What I'd like to find out next is whether the track leading from just south of the Trinity River to the freight depot was at one time owned by Cotton Belt. Two things make me think this may be the case. First, although the track is not officially named (other than having a number), I work with some folks who have been there forty years and everyone knows this track as "the Gauntlet." Gauntlet has a pretty foreboding connotation but without some particular danger associated with the track, it seems a bit over the top for a siding or yard track that terminates in a yard. The similarly named gantlet track is a pair of interlaced tracks sharing a common narrow right-of-way. There is not enough room for two trains to pass one another on such a track, so collisions were a risk back when these tracks were in use. A similar arrangement with two tracks converging into one and then diverging after an obstruction, such as a tunnel or a bridge, might also be called a gantlet track even if technically it is not. This is basically the railroad version of northeast loop 820 where 121, 183 and 820 all converge and share lanes for a mile or two. While the arrangement leading to the Cotton Belt freight depot is not a true gantlet track, it was common to refer to a dangerous track -- especially one with multiple railroads operating on it -- as a gantlet or gauntlet track. The 1972 Cotton Belt timetable special instructions covering operations on this track call for a trainman to man the switches so they can be lined back quickly if a train approaches unexpectedly. In that case, the danger associated with this track seems to warrant the name Gauntlet. 


Second, from the switch where the Gauntlet diverges from the FW&D main the track all the way down to the Belknap overpass, the track spacing is much greater than normal, even for now, but especially for the early 1900s. Often when tracks are spaced far apart like this it's because the tracks were originally centered in their own rights-of-way. I wonder if this was the case here and if the Gauntlet track was originally constructed in the right-of-way Cotton Belt acquired in 1913.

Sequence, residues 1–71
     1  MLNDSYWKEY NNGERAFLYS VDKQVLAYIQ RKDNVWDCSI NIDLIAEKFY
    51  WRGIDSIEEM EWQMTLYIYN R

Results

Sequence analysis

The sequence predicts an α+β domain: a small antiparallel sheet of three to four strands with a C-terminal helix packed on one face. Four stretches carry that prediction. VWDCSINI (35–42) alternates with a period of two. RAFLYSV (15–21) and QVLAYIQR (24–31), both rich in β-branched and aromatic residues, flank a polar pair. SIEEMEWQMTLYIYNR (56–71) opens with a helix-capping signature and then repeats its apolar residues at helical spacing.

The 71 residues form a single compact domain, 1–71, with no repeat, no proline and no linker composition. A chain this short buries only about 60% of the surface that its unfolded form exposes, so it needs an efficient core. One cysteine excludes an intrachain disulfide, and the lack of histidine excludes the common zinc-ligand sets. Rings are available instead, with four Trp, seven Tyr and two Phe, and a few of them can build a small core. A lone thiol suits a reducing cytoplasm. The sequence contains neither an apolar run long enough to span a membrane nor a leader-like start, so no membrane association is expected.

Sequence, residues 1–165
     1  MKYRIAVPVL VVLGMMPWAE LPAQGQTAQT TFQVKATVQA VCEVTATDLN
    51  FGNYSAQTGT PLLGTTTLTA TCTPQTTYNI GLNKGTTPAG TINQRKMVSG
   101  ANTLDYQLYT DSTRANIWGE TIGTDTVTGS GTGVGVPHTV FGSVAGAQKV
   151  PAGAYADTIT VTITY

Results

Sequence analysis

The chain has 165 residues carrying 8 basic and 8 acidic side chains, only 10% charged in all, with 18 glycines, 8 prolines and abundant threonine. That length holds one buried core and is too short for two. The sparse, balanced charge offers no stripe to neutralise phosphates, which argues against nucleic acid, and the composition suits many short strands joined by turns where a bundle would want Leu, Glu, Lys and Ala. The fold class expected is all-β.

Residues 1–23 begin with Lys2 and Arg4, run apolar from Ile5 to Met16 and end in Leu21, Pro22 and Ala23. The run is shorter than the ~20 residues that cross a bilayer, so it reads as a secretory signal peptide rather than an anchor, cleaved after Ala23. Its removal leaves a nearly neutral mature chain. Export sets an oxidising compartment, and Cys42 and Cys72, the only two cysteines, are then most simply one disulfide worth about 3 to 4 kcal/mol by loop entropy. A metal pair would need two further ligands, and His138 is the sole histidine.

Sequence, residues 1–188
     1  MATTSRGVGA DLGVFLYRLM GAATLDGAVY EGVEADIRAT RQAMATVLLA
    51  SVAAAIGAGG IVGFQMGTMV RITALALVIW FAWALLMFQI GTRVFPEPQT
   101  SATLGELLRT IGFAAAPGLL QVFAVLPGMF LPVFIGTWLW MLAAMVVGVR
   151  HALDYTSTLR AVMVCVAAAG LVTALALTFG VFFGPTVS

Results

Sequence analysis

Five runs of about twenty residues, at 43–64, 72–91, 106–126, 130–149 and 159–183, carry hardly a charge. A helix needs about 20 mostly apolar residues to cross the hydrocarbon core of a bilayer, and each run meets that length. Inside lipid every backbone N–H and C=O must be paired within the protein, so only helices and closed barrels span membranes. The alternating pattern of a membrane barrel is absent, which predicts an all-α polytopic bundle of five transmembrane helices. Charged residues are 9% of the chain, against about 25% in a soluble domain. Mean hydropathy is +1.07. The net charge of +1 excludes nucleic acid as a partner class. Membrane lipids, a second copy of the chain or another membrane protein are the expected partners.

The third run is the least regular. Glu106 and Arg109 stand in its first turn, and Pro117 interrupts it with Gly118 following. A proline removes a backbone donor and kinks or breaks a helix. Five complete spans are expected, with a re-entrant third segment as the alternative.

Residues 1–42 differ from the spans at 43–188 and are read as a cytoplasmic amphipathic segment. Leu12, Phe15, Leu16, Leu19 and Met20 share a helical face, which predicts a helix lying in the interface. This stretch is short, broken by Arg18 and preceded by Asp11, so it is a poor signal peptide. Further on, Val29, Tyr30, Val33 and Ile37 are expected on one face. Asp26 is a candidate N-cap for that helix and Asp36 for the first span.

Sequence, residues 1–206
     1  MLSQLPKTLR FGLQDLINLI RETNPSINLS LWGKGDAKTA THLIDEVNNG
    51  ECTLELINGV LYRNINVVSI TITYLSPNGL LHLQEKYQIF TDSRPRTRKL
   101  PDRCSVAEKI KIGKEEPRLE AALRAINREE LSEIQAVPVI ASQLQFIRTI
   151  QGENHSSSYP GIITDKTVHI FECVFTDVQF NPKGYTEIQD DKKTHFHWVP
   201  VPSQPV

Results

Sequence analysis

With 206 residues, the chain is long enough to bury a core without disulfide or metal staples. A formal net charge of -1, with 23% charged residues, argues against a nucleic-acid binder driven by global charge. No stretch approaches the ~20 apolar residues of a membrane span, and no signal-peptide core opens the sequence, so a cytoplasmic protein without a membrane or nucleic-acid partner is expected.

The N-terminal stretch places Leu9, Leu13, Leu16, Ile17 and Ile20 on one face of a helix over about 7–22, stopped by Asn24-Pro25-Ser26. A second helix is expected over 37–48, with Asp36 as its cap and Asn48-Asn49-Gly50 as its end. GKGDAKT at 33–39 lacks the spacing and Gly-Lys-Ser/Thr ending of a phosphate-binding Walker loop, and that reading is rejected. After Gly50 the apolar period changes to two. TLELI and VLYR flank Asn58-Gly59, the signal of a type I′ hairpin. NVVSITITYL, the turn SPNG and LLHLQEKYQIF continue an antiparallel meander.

Getting back to my original question about the Fifth Street station, now that I've found djold1's reference to a passenger depot and original yard located near the site of the old power plant, I wonder if anyone can point me to photographs or maps of this area from the turn of the century to 1915 or so. I'd like to know what Cotton Belt's passenger and freight operations might have looked like at that time.

#4 djold1


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Posted 19 August 2014 - 03:50 PM

"Cotton Belt had depots in both Fifth Street locations."   Both the original Cotton Belt Passenger & Freight depots were near NORTHWEST 5th near the old power plant and in the original Cotton Belt yards that were built around 1889.   Then around 1900 the passengers started using either the new Santa Fe Depot or the T&P depot..can't remember which without looking it up.  The new freight depot which was built 1915?? was near downtown on NORTHEAST 5th. 


Don't have any information on the gaunlet/gantlet track.  You might try the Railspot Group on FB.  I think there is also a Cotton 
Belt Group as well. 


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The Lost Antique Maps of Fort Worth on CDROM
Website: Antique Maps of Texas
Large format reproductions of original antique and vintage Texas & southwestern maps

#5 Not Sure

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Posted 21 August 2014 - 11:16 AM

Thanks, Pete. I don't do facebook, but I just joined the Railspot Yahoo! group. I've been part of the Cotton Belt Yahoo! group for awhile now, but it has very little activity. The Railspot group and the similar Texoma group are both very active. Maybe someone on one of those lists will know.